She was all talked out by now. Or shouted out. This was her mother’s show.
“Before you say anything,” Becky said to her grandmother, “if this is about the way I rode, I
. I thought I could get him to make up the distance. All of us saw what happened after that.”
“Everybody makes mistakes, kid,” Caroline Atwood said.
Didn’t see that one coming,
“I couldn’t afford to make one like that today,” Becky said.
“Like we say all the time around here,” Caroline said, “shit happens. And today, all of us stepped in it.”
Maggie watched as her mother rose painfully to her feet. Like mother, like daughter.
“Not the kind of night I was hoping for,” she said.
“None of us were,” Maggie said.
“It is like I told Becky,” Daniel said. “It was a mistake, not the end of the world.”
“Thank you,” Becky said. “I mean that. But nobody’s talking me down tonight.” She grimaced. “Or back up. All I can say is I’m sorry.”
“I didn’t ask you here to get an apology out of you,” Caroline said. “I’ve told you since you were a little girl. Sorry doesn’t fix the lamp.”
“Can I say what I’ve been thinking about since I walked out of the ring, Grandmother?” Becky said. “If you and Mr. Gorton want to find another rider, I’m totally down with that. I did this to myself.”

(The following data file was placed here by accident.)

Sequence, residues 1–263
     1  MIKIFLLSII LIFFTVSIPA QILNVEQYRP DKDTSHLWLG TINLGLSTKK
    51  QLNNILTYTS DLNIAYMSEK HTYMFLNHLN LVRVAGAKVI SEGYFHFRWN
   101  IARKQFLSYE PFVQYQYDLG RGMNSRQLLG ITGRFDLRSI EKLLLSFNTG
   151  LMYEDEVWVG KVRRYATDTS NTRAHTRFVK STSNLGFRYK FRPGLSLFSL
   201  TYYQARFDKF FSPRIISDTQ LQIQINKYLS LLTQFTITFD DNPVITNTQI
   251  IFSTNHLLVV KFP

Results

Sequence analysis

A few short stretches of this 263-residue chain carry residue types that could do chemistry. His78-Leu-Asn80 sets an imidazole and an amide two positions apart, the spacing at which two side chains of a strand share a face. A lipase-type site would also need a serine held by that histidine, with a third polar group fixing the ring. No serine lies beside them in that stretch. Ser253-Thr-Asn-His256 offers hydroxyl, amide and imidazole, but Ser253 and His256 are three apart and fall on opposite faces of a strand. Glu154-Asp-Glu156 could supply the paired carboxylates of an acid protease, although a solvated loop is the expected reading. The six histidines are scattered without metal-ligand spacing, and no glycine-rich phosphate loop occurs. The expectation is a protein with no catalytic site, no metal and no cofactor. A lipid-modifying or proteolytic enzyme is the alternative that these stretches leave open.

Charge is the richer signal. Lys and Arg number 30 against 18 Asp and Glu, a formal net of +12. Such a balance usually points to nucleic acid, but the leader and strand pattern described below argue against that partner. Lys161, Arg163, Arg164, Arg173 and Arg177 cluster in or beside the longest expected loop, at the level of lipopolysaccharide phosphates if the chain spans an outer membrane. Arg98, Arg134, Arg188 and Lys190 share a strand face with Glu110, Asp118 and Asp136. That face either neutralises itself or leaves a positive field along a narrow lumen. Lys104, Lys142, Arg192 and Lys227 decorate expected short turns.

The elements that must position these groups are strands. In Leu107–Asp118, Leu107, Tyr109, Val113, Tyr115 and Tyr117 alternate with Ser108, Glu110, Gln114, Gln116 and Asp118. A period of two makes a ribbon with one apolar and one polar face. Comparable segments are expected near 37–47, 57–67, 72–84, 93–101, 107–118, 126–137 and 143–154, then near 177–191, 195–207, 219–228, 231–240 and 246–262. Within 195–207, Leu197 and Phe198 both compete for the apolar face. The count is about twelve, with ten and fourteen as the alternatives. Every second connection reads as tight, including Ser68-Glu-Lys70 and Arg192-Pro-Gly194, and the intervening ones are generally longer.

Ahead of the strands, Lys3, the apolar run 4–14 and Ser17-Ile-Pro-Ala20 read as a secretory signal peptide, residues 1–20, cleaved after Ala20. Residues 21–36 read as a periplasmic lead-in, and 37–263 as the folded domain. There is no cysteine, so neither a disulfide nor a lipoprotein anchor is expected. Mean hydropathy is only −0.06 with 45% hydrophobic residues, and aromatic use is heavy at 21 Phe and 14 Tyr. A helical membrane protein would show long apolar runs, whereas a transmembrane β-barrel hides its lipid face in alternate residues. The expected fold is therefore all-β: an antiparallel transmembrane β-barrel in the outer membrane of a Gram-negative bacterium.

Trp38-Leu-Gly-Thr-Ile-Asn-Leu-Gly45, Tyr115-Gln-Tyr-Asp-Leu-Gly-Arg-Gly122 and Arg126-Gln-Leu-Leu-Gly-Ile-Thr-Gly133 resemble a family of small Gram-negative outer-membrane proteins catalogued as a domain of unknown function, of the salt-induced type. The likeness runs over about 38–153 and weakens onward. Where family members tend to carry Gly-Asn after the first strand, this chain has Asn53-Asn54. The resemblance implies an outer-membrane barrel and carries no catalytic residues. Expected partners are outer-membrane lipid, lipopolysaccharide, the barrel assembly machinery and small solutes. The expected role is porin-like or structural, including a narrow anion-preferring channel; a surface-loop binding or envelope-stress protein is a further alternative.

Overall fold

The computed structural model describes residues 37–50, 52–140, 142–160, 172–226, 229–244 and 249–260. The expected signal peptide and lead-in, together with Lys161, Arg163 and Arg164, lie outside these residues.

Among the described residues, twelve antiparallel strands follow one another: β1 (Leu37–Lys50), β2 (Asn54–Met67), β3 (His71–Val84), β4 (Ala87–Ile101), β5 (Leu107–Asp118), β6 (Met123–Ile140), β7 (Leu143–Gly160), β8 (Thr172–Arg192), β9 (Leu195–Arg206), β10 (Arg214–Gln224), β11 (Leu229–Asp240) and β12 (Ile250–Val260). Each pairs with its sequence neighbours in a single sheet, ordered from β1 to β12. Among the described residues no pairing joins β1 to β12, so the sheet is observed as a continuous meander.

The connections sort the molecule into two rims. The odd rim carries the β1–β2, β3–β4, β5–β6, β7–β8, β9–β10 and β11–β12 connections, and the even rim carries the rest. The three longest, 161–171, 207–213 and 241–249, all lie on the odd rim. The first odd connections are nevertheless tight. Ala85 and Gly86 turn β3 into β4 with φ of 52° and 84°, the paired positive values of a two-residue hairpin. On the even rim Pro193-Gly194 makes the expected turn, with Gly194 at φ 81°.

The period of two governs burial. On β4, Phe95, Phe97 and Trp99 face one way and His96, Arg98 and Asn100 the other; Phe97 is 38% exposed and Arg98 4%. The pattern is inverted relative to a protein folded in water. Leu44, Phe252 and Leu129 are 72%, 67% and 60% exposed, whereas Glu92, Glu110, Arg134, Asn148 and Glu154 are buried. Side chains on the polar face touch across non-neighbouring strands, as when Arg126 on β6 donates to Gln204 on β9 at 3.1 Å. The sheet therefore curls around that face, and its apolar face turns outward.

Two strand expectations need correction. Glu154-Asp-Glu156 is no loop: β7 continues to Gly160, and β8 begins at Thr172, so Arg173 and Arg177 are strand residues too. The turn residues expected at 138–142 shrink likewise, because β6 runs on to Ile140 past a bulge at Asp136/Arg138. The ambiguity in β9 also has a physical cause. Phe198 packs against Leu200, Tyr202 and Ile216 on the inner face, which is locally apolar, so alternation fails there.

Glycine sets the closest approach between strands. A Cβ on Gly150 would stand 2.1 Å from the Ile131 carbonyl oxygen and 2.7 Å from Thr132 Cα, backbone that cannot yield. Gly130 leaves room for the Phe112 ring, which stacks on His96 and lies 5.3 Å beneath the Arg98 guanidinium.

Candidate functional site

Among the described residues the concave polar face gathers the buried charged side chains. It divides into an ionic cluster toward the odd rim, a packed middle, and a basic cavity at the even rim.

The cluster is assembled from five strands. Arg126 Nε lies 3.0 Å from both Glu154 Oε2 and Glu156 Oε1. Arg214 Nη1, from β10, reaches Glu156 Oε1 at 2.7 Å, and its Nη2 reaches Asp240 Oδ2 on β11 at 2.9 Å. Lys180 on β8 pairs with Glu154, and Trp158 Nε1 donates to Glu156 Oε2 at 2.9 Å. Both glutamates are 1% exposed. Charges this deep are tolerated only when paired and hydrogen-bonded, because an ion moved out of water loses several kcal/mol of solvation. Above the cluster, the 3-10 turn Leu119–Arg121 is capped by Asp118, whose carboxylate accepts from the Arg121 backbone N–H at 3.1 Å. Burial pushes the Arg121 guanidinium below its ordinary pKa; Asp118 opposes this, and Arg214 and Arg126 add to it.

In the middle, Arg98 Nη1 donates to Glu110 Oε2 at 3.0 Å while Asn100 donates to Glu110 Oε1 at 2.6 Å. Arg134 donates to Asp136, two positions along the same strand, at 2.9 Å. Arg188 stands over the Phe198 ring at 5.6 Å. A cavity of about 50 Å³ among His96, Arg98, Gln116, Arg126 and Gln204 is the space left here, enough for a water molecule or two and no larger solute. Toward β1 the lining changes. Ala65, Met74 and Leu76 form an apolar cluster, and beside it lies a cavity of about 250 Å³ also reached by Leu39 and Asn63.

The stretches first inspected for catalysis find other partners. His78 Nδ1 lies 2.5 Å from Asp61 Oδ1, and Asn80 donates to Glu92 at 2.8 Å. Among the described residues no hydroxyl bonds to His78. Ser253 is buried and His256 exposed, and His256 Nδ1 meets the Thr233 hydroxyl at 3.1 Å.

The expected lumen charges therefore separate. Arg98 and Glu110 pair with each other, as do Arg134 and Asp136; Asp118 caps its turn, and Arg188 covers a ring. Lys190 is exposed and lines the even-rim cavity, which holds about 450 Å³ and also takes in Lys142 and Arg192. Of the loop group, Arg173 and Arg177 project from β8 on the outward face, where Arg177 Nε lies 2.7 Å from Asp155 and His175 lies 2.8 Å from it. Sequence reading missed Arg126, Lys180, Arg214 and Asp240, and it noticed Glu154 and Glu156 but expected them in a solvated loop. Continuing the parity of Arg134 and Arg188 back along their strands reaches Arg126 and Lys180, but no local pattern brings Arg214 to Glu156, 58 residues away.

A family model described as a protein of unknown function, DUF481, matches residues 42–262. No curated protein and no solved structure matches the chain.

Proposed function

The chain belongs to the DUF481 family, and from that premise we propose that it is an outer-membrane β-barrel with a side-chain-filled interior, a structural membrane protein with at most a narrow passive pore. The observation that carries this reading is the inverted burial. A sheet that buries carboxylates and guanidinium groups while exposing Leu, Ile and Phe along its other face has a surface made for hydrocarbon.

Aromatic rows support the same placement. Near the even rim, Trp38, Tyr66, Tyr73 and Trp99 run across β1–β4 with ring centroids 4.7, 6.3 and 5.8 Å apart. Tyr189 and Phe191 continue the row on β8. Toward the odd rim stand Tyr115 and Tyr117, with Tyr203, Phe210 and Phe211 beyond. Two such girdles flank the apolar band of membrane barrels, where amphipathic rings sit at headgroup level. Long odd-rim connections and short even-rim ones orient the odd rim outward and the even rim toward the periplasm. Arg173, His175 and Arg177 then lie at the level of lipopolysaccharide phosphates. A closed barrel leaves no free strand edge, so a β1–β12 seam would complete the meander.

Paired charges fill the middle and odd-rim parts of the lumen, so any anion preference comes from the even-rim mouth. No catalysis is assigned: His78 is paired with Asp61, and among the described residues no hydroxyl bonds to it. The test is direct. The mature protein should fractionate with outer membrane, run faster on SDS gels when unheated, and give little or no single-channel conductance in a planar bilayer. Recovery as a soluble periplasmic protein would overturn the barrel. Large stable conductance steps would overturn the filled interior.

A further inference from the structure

“No,” Caroline said.
Maggie was watching her daughter now, seeing the surprise on her face. Or maybe relief.
Knowing it wasn’t going to last long. All afternoon Maggie had been arguing Caroline’s decision, but her mother insisted it was final.
“No,” Becky said, “meaning…”
meaning I’ve decided to cash out,” Caroline Atwood said.
“Cash out?” Becky said, as if she hadn’t heard correctly.
“Sell our share of the horse.”
AFTER ALL THE
bombs I’d had dropped on me lately, this was the big one.
“You’re joking,” I said to Grandmother.
“Do I sound as if I’m joking?”
I gave Daniel a quick sideways look. If he’d known this was coming, he was a better actor than DiCaprio. Then I looked over at Mom, frozen in place on the couch.
Her reaction was no reaction at all.
“Gorton and I had a long talk on the phone after he got back to Palm Beach,” Grandmother said now. “He admitted that he’d given us a month, but after what he saw today, if Becky rode Coronado in the Grand Prix, any possible outcome was bad. We’d lose time that we really don’t have. Or the horse could get hurt, at which point he’d be worth a bucket of spit. And if
happened, I might as well have burned the money we put up for him.”
“And you agreed with him,” I said.
My dear grandmother sighed.
“I told him I couldn’t
agree,” she said. “I’m the one who’s sorry, I guess.”
“You don’t have to apologize, either,” I said.
“Like you say,” she said. “It is what it is.”